Originally Posted by RVforTwo
So the RV I just bought had a brand new (8 mo. old) house refridgerator. I wasn't the correct size though, too small so I was firring in the gaps around it. Upon attaching the main brace and on the very last screw and I poked a hole in a refridgerant line.
Now it's no good for me anymore!
Maybe that's a good thing as I was thinking on changing it out to a real RV fridge anyway.
So, should I stick with the 120V models or is it better to get one that is 12V? I have both sources of electricity in the compartment as well as propane.
In all reality, none of us can answer this truthfully for you. Yes, we can all put in our two cents on what works for us, but, what we don't know so far is, what kind of camping you do, hookups or no hook ups or, somewhere in between? An RV fridge has benefits.
1. The normal RV (absorbtion) fridge made for the last several years has been what's called a "Two-way" style. That is, it has two different methods of operating, to keep things cool. One is propane and the other is 120VAC. The old "Three way" also used 12VDC but, most of those went away a long, long time ago. So, the one benefit of using propane is that you can *Boon dock* or, otherwise known as REMOTE camp, any where, without the need for external power (120VAC) to rely on to keep your food cold.
2. But, that same fridge can also operate on 120VAC if, IF you have hookups or some form of shore power.
But, if one want's to call this a pit fall, the primary one I can think of is, an RV type fridge needs to be very, very close to level to work correctly and not damage any internal parts. Leveling a coach is no big deal for most of us. Others don't care how unlevel they are.
But, as the weather warms up a bit, some RV fridges tend to loose efficiency. That is, they don't cool as well in warmer, around 95-100 degree weather. Some are more efficient than others.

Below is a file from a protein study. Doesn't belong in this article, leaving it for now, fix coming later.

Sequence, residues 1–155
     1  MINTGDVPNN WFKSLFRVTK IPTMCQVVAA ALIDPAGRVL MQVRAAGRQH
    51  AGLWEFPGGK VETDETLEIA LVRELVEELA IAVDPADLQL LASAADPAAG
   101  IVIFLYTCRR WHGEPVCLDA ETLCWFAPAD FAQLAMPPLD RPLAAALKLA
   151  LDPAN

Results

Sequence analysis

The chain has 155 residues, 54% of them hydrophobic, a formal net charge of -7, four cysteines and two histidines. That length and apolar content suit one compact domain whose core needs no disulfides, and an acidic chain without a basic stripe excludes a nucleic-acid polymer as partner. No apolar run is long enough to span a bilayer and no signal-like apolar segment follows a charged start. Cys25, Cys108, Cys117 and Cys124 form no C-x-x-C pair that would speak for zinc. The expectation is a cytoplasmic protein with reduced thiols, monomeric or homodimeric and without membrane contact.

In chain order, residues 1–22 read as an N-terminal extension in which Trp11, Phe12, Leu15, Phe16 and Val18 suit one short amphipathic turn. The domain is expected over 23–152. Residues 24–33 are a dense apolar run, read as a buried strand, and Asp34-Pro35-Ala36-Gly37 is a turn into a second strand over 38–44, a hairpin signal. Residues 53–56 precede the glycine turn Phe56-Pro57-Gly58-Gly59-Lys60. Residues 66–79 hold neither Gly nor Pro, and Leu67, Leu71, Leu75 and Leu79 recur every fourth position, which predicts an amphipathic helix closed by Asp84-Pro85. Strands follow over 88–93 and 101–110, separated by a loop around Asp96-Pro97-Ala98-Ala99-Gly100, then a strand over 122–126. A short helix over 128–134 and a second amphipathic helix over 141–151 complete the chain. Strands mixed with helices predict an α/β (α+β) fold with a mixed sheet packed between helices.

Where as, if you go again with a residential type fridge, you don't have to be near as level for it. You do however, have to realize that, since there is no other way for that fridge to operate other than 120VAC, you have to supply that 120VAC constantly. And that means, if you boon dock or remote camp, you'll need the ability for providing the 120VAC through an inverter which, needs good battery power to sustain power to that inverter. Solar does help in this matter. Yes, you can also run a generator to supply the 120VAC but, no one likes to hear those run forever and ever. At least no one I know likes to hear them run forever.
If you don't remote or boon dock and are primarily at camps/RV parks with shore power (hook ups), then you're good to go. And finally, a standard residential fridge will still be efficient in cooling when the temps rise to and above 100 degrees. And, your ICE CREAM will be ROCK HARD, that's important to us!
So, again, you need to determine how your RV will be used, and where, to help determine what kind of fridge you will replace your present one with. If you go with another residential model, do your research dilligently. That is, find out if it will work on an inverter and, make sure it states whether or not it can work on an MSW or PSW inverter. Some will, some wont. I found out the hard way. Also, find out what the side, top and back clearances are required for any fridge you may think about.